One by one, as if he was checking off the names as he went, Jay Campos chopped down the biggest names in Tucson prep football history.
Vern Friedli? Check.
Jeff Scurran? Got it done.
Richard Sanchez? Another big one.
Ten men have won 100 football games as a Tucson high school coach, and Campos beat most of them before he turned 30.
Todd Mayfield. Check.
Nemer Hassey. Done.
Campos didn’t have to worry about coaching against Hall of Famer Howard Breinig, 118 victories, because he was smart enough to put Breinig on Sabino’s coaching staff.
Now, as if overnight, Campos is 38 and he has coached the Sabercats to 99 victories and three berths in the state championship game.
“It seems like a blur,” he says.
The young man who took over Sabino’s tradition-blessed powerhouse 11 years ago is now a husband, a father and one of the big names in Arizona prep football. How big?
If Sabino beats the Flagstaff High School Eagles tonight, Campos will be the youngest man ever to coach 100 victories in this town. He’s ahead of the pace set by Dennis Bene, Ollie Mayfield, Wayne Jones and Pat Nugent.
But the biggest name on that list of coaches will be on the opposing sideline tonight. Flagstaff is coached by Eddie Campos, Jay’s father.
In a game with such potential significance, it is the scheduling quirk of a lifetime. Father vs. son.
“I want to win this game more than any other because I have so much respect for my dad,” the Sabino coach says. “It’s not about winning the 100th game or anything like that. It’s that if you can beat my dad’s team, you’ve done it against the best.”
Eddie Campos is anything but a willing victim, another on his son’s growing list of football victories. As the head coach at Flagstaff and the old Flagstaff Sinagua High School, he has won, he estimates, 65 games.
The Eagles were 0-10 in 2010, the first year he took over the team. They were 8-2 last year.
“The phone has been off this week,” Eddie Campos says. “We haven’t talked. We’re both pretty intense about it.
“At first, I told him, ‘No, we shouldn’t schedule this game.’ We were initially scheduled to play (Glendale) Cactus, but that fell through and Jay had an opening so, well, here we are.”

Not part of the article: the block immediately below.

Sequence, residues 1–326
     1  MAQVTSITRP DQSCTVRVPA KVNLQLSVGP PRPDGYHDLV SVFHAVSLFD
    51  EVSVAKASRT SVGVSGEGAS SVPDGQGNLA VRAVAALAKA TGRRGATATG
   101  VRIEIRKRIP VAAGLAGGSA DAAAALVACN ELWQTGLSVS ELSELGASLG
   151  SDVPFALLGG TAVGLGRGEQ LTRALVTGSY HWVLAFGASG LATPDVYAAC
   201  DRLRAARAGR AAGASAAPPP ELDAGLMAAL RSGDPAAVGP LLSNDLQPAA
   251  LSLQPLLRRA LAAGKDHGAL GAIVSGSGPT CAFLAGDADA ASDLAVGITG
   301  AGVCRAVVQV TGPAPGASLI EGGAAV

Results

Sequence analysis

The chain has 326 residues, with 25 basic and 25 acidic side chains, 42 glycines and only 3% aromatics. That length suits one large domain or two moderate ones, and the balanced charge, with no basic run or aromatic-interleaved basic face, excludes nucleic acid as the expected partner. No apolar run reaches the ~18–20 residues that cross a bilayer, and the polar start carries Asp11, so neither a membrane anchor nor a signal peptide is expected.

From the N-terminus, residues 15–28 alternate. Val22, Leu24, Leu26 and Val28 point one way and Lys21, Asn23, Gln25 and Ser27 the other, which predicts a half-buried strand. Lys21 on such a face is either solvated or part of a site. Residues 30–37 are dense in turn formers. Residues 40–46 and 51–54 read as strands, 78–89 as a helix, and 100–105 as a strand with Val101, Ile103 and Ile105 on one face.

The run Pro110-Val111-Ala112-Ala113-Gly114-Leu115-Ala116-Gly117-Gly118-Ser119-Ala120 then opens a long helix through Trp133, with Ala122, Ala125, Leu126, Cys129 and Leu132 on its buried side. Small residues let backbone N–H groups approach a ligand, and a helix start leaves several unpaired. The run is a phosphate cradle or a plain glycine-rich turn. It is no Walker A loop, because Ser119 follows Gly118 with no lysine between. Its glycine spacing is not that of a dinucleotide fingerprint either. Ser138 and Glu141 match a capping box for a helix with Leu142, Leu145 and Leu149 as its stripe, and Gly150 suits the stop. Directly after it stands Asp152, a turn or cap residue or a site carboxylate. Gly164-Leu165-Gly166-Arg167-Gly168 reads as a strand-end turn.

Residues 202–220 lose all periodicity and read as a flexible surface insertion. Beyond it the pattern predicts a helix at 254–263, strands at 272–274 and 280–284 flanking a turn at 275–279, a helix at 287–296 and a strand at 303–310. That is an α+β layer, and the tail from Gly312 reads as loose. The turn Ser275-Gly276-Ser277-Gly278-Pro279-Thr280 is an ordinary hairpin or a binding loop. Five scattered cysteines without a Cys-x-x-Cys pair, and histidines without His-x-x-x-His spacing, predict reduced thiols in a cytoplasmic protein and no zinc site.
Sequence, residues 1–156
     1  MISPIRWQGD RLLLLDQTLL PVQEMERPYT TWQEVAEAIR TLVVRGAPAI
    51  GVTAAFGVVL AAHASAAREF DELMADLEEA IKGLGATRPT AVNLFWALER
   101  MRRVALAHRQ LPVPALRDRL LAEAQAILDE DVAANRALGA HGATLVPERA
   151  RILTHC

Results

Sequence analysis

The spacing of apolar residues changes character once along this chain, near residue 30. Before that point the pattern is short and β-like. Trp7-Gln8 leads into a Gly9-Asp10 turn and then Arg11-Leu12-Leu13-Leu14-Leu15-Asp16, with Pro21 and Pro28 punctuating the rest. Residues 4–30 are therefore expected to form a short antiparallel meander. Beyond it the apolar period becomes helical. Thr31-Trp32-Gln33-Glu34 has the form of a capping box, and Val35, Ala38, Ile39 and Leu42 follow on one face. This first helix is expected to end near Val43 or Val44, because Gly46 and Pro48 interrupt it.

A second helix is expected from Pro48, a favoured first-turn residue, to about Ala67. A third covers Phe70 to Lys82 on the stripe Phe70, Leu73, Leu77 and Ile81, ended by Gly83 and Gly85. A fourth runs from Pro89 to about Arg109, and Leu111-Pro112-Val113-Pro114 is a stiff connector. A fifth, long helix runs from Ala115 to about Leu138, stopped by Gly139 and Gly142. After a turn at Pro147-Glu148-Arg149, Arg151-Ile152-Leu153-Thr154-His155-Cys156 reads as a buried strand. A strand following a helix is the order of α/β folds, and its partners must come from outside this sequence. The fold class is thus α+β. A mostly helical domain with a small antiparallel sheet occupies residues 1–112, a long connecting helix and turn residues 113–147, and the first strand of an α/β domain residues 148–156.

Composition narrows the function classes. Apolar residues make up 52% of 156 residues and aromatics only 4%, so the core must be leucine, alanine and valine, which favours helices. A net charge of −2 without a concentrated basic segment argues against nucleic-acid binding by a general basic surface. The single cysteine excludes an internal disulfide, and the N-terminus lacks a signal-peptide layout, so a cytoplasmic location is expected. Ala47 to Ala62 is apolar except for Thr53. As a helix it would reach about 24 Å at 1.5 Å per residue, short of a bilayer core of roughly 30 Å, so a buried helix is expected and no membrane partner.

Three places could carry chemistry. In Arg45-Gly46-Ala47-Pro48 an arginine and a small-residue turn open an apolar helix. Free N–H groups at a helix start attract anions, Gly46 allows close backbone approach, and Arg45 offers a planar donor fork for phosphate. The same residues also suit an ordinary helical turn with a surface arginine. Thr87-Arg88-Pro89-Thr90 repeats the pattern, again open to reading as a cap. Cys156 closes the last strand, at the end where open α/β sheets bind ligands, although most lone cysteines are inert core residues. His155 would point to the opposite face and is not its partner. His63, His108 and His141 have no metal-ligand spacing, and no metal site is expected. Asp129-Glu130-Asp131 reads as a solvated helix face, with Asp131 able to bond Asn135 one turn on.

Eddie and Jay Campos are so close that no 48-minute football game will come between them. After Eddie, a teacher and custom home builder, resigned his coaching job at Flagstaff Sinagua, he commuted to Tucson for seven football seasons. He walked the Sabino sidelines each weekend, a coach-on-call for his 20-something son.
Their partnership went so well that the Sabercats’ worst record under Campos is 10-4, if you can call that “worst.”
“He was the ultimate armchair quarterback,” Jay says, laughing. “I knew he’d get back into coaching someday. I’m so happy he did. We’ll be together again, coaching together, at some point.”
Tonight’s game is actually Chapter II in the Campos family football book. On Sept. 19, 2003, in Jay’s third game as Sabino’s head coach, he played against his father’s Sinagua team in Flagstaff.
Sabino won 28-13. It was Jay’s second victory ever. It happened so early in his career, that he didn’t pause to appreciate the moment.
“I was so nervous I could barely call a play; my goal that first year was not to get fired,” Jay Campos says. “It was a little awkward playing against my dad’s team, and it’s not much different now.”
In the middle of this family showdown is Darlene Campos, Eddie’s wife and Jay’s mother. When they played 10 years ago, she alternated between the Sabino and Sinagua cheering sections.
Tonight at the Walkup Skydome, she will be sitting on Sabino’s turf.
“There’s no flipping the coin,” Eddie says. “There’s no one-half here, one-half there. She’s always been loyal to Jay, and I understand that. In a way, she can’t lose.”
Jay Campos is no longer the “so nervous I could barely call a play” coach he was 10 years ago. And Eddie Campos, who grew up in Clifton, watching Friedli coach at nearby Morenci, on his way to 331 career victories, doesn’t have to beat his son’s team to establish a winning identity.
The son says: “We haven’t talked much lately. We’ll get his best shot, and he’ll get ours, and after the game it’ll all be good.”
The father says: “At any age, winning 100 games is a significant marker. But at Jay’s age it’s a benchmark. Hey, the worst thing that could happen is that maybe he’ll have to wait a week.”